Lawmakers announce next steps for Marsy’s Law
Measure to provide equal constitutional protections for crime victims, which was approved unanimously in 2018, enters second legislative session
HARRISBURG (January 29, 2019) — Rep. Sheryl Delozier (R-Cumberland) today announced that she has introduced a bill to launch the second year in the Marsy’s Law legislative effort, which would amend the Pennsylvania Constitution to protect victims’ rights. Sen. John Sabatina (D-Philadelphia) will be introducing the bill in the Senate during this legislative session.
House Bill 276 is the second step in ensuring that crime victims in Pennsylvania are constitutionally protected. For the state constitution to be amended, legislation must pass in two consecutive legislative sessions before being added to the ballot for voter approval.
The announcement of the House bill was made in the Capitol Rotunda before a crowd that included crime victims, supporters, lawmakers, district attorneys, law enforcement officials and community leaders.
"People have been made part of the judicial system, not through anything they did, but through something that someone else did. Someone did something to them to make them a victim," Rep. Delozier said of crime victims during her remarks at the event.
"They didn't ask to be part of this system, so why shouldn't this system at least treat them fairly and equally to what it is that their accuser is getting? I think that is only fair and is something that we should be asking for," she added.
During the 2017-18 legislative session, Marsy’s Law (Senate Bill 1011), sponsored by then-State Sen. Guy Reschenthaler (R-Allegheny/Washington), passed unanimously in the state Senate and the House.
The Pennsylvania Constitution enumerates rights for individuals accused and convicted of crimes, but victims have no enumerated rights in the constitution and, therefore, no recourse when their statutory rights are violated.
"A lot of people think it ends at arrest or at conviction, but a lot of victims have to live with that crime and the results of that crime for the rest of their lives," Sen. Sabatina said at the press conference. "It's important not to forget what they have been through, and it is important to support them."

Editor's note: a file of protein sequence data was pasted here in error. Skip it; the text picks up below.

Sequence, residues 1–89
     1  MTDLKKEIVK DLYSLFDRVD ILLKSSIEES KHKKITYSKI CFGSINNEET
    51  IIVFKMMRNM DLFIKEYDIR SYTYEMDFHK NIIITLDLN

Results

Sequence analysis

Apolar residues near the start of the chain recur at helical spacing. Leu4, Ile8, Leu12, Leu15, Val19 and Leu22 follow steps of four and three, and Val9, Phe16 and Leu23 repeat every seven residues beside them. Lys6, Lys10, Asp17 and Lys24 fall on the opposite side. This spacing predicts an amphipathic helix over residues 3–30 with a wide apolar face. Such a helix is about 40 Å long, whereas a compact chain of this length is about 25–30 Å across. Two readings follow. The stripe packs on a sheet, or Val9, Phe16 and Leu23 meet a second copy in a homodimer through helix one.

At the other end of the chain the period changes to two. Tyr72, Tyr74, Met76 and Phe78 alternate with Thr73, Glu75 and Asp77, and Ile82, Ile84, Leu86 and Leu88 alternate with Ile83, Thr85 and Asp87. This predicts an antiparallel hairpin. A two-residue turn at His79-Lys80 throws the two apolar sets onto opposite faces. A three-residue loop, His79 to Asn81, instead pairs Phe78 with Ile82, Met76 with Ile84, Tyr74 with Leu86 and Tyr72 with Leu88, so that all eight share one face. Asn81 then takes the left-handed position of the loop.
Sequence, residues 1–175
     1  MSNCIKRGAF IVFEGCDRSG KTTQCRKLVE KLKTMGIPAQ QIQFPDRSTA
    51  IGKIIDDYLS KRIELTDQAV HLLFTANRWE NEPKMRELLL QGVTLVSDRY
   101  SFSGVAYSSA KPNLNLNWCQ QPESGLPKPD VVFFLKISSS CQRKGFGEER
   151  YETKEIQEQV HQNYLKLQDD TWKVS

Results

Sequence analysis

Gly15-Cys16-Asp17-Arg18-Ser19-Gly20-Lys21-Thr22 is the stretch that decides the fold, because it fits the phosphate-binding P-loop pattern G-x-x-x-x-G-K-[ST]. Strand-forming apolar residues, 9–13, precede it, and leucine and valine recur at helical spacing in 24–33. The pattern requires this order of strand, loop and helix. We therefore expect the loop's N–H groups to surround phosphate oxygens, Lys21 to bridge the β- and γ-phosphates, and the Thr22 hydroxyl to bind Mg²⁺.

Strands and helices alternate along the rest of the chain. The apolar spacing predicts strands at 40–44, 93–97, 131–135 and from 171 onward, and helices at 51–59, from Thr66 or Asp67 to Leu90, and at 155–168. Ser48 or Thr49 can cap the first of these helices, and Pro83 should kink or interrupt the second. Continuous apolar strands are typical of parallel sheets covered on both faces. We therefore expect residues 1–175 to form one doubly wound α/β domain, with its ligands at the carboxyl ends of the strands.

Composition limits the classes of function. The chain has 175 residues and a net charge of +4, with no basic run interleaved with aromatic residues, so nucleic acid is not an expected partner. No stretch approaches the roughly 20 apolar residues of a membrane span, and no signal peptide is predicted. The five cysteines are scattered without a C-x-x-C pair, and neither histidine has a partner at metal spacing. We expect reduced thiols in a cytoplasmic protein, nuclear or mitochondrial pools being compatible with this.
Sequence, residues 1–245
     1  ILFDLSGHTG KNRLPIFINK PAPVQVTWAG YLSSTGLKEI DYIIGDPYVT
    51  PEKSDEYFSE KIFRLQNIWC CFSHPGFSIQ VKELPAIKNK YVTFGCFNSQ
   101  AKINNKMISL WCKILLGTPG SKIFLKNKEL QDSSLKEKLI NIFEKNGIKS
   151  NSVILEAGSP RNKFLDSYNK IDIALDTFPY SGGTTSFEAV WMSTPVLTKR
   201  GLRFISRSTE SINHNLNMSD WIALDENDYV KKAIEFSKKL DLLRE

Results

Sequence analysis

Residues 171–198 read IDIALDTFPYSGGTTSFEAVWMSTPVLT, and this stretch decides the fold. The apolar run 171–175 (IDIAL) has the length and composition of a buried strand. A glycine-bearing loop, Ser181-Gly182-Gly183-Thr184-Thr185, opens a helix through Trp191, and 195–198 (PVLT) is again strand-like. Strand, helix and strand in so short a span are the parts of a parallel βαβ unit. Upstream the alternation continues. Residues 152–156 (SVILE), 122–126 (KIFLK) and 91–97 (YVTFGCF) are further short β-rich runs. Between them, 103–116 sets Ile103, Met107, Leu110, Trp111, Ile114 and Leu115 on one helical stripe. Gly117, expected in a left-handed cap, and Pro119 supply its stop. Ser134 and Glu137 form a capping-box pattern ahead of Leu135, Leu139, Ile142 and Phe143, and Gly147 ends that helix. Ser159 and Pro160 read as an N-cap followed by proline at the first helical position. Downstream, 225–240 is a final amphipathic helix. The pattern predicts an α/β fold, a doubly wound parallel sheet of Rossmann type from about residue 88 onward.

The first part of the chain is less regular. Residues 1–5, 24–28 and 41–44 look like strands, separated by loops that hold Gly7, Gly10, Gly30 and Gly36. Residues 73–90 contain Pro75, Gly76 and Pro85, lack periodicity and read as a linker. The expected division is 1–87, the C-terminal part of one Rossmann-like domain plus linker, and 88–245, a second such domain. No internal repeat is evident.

Marsy’s Law passed constitutional amendments in six states in 2018: Nevada, Oklahoma, Kentucky, Florida, Georgia and North Carolina. With the implementation of Marsy’s Law in those states, Pennsylvania became one of only nine states that does not incorporate victims’ rights into its constitution. In 2015, the Pennsylvania Commission on Crime and Delinquency reported more than 40,000 violent crimes and nearly 845,000 crimes overall. The proposed constitutional amendment would ensure crime victims have the rights to:
Receive information about their rights
Receive notification of proceedings in their criminal cases
Be present at court proceedings
Be heard at plea and sentencing proceedings
Assert additional statutory rights
Be treated with fairness, respect and dignity
"Today is the day that we stop failing our crime victims. It is the day that we stop promising them something, and then not fulfilling that promise," Jennifer Storm, Commonwealth Victim Advocate said. "It gives them equal footing. We're not asking for anything less, or anything more."
Statewide, the measure has been endorsed by victims’ services groups, the Pennsylvania Coalition Against Rape, the Pennsylvania District Attorneys Association, the Pennsylvania Chiefs of Police Association, the Pennsylvania State Constables Association and the Philadelphia City Council, among others.
"Providing constitutional protections to victims through Marsy's Law is a way to guarantee their equal and protected voice," said Kevin Steele, Montgomery County District Attorney, during his remarks. "I urge legislators to stand up for victims, and once again, in this session, vote for Marsy's Law."
With significant legislative support, Marsy’s Law is expected to pass both chambers by June, allowing for the measure to appear on the November 2019 ballot for consideration by Pennsylvania voters.